Google was only two years old when Chade-Meng Tan, a Singapore-born software engineer, joined in 2000. He earned the nickname “Google’s Jolly Good Fellow” after becoming the unofficial greeter at its Mountain View headquarters in California, always photographed smiling alongside famous visitors. The nickname now adorns his business cards.

A committed Buddhist, Mr Tan used his 20% Time – the portion of working hours Google encourages employees to spend on tangential projects – to devise Search Inside Yourself (SIY), a meditation programme he has been teaching at the company since 2007. In a new book, called Search Inside Yourself, endorsed by the Dalai Lama and Deepak Chopra and packaged in Google colours and typeface, Mr Tan promises SIY will “increase productivity, creativity and happiness”.

The programme involves mastering one’s feelings to develop greater compassion, empathy and emotional intelligence. Mr Tan believes a world of SIY users will be a peaceful one, and he sees the book (with Google’s global ubiquity behind it) as a step towards achieving this.

Mr. Tan laughs a lot for a man of serious purpose. He spoke to The Economist between chuckles from his office, with its view of San Francisco Bay, on “another perfect day in paradise”.

How many people worked at Google when you joined?

About 100 and we were all friends. When you are small and unprofitable your mindset is different, there is a feeling of a closed tribe. You see each other in hallways, it’s easy to have random conversations, it’s productive.

Why all the photographs with famous visitors?

To impress my Mum. Al Gore was in the building, I had to get a picture to show Mum, right? Then Jimmy Carter visited. It became a tradition.

Is there an element of playing the clown and enjoying the limelight?

If it’s funny, it’s enough reason to do anything. Also I discovered that by doing that I had access to people, people would talk to me. It was quite useful.

How long have you wanted to create world peace?

In retrospect, my entire life. It became solid in 2003. It was summer, I was taking a walk outside and it came to me. “OK, I’m going to dedicate my life to world peace”. I never turned back.

Search Inside Yourself is geared towards corporate life. What about the billions on earth who don’t have the life choices the book implies?

A lot of things in Search Inside Yourself are universal. For example attention training, creating the conditions for inner calm. They have even tried [them] in prisons and it has done wonders for prisoners. But I geared it towards the rich, corporate world, and the reason is leverage. If I can turn the most powerful part of the world into a land of wisdom and compassion, it’s going to change the rest of the world.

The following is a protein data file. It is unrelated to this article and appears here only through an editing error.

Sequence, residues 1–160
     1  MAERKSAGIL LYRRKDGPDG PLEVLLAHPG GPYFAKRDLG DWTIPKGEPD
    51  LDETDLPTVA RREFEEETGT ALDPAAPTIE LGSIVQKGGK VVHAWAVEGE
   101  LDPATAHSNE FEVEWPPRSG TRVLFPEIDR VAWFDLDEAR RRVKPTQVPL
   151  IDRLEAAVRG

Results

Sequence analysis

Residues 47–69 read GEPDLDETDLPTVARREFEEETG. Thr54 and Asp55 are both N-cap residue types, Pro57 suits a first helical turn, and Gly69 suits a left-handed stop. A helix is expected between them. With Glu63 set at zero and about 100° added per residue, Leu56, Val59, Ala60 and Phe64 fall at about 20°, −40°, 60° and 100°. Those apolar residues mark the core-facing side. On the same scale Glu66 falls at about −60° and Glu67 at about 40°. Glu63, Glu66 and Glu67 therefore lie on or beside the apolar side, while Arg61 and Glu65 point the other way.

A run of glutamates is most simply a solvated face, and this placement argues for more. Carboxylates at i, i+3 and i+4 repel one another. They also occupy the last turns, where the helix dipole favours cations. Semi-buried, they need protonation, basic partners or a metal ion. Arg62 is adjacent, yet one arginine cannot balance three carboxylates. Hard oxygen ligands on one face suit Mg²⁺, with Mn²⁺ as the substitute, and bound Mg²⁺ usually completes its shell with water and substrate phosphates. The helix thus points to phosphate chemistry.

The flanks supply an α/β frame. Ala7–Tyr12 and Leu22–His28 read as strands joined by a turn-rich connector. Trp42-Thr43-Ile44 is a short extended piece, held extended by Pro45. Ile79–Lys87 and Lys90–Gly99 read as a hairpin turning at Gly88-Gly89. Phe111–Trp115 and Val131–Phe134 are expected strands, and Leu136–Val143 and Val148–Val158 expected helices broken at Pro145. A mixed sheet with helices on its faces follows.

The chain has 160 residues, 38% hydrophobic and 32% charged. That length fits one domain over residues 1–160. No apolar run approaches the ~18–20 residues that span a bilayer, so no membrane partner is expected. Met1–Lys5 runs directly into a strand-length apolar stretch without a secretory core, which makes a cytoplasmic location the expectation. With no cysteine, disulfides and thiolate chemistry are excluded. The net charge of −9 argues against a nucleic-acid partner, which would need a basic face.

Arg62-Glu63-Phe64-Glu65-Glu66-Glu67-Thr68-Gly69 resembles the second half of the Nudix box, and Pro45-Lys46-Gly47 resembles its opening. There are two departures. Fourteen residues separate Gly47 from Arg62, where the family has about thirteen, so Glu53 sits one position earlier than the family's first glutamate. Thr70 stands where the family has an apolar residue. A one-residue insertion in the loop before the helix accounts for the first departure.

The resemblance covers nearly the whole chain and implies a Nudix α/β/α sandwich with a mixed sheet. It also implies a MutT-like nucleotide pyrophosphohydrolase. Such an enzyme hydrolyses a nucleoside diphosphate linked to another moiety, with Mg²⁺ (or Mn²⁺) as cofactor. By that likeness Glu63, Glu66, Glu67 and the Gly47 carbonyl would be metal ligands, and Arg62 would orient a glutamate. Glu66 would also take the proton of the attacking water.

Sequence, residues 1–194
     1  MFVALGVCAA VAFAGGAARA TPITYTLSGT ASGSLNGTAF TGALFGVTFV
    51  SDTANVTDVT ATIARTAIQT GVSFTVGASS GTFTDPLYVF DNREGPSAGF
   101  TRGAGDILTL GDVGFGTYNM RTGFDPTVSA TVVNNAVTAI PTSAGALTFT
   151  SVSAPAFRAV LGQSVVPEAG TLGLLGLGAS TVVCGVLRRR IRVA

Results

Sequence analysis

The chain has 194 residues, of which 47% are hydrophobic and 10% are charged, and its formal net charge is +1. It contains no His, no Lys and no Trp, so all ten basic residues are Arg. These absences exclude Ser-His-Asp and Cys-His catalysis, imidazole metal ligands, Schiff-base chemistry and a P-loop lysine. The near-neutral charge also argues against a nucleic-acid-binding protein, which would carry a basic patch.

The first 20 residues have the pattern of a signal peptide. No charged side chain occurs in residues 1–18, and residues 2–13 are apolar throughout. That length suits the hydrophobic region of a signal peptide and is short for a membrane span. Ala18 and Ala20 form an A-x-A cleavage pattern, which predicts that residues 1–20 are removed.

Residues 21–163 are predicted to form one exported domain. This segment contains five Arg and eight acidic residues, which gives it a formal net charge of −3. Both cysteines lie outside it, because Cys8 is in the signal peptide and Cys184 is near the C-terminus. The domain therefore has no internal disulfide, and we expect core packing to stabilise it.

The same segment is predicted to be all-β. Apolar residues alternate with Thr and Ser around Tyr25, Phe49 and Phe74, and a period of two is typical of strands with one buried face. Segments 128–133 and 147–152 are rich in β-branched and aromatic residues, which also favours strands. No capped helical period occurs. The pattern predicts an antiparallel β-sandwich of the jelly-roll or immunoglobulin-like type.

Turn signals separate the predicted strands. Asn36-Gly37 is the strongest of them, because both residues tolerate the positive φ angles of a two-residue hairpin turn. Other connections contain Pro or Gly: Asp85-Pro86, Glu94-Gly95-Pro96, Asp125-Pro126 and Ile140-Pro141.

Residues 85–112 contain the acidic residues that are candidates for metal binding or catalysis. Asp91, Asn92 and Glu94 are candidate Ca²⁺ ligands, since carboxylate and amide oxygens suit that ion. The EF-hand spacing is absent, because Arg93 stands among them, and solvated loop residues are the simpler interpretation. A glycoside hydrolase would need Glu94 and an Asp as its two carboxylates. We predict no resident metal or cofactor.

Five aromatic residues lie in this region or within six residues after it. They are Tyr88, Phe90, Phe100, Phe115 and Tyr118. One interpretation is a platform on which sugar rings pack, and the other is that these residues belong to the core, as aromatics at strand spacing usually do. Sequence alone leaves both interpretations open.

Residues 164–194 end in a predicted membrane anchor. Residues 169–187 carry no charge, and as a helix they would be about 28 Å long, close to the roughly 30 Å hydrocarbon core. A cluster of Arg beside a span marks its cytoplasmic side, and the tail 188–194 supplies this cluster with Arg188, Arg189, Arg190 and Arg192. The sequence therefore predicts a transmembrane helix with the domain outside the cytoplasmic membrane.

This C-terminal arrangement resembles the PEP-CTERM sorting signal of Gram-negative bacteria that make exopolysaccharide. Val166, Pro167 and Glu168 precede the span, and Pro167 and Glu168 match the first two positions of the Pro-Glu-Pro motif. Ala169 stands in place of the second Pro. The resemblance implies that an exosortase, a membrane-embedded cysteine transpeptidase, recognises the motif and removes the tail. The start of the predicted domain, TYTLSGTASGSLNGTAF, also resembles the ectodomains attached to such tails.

The book explains how empathy and compassion can help your career. Doesn’t that taint the altruistic ideals behind such traits?

If you had to pick between being moral and successful, obviously I choose to be moral. However if you can choose both, will you choose both? I’d say definitely.

But you are talking about them as a means to success.

There is a selfish element, in salary and so on, but there is also a greater good component: I’m doing this for my team, for the world or whatever. Compassion is so pure I don’t think there is any way to taint it.

You are taking no money from this book. What will profits go on?

The first tranche is going to a non-profit body, SIYLI, pronounced ‘Silly’. SIYLI [ Search Inside Yourself Leadership Institute] is going to bring emotional intelligence to the world. If I have money after that, which is unlikely, I want to create technologies to accelerate progress in [measuring] meditation. Beginners keep asking, ‘Am I doing the right thing?’ They can’t look into my mind and compare. So an objective, quantifiable way of doing this, is going to help a lot.

Isn’t meditation about qualitative not quantitative results?

But it is also quantifiable. In people with high emotional intelligence the left prefrontal cortex [associated with positive emotions] is very active. Can we measure this without an FMRI scanner which costs millions of dollars? Person to person differences, can we adjust for that?

The book encourages people to pause and consider their emotions. Doesn’t that remove spontaneity and honest reactions from life?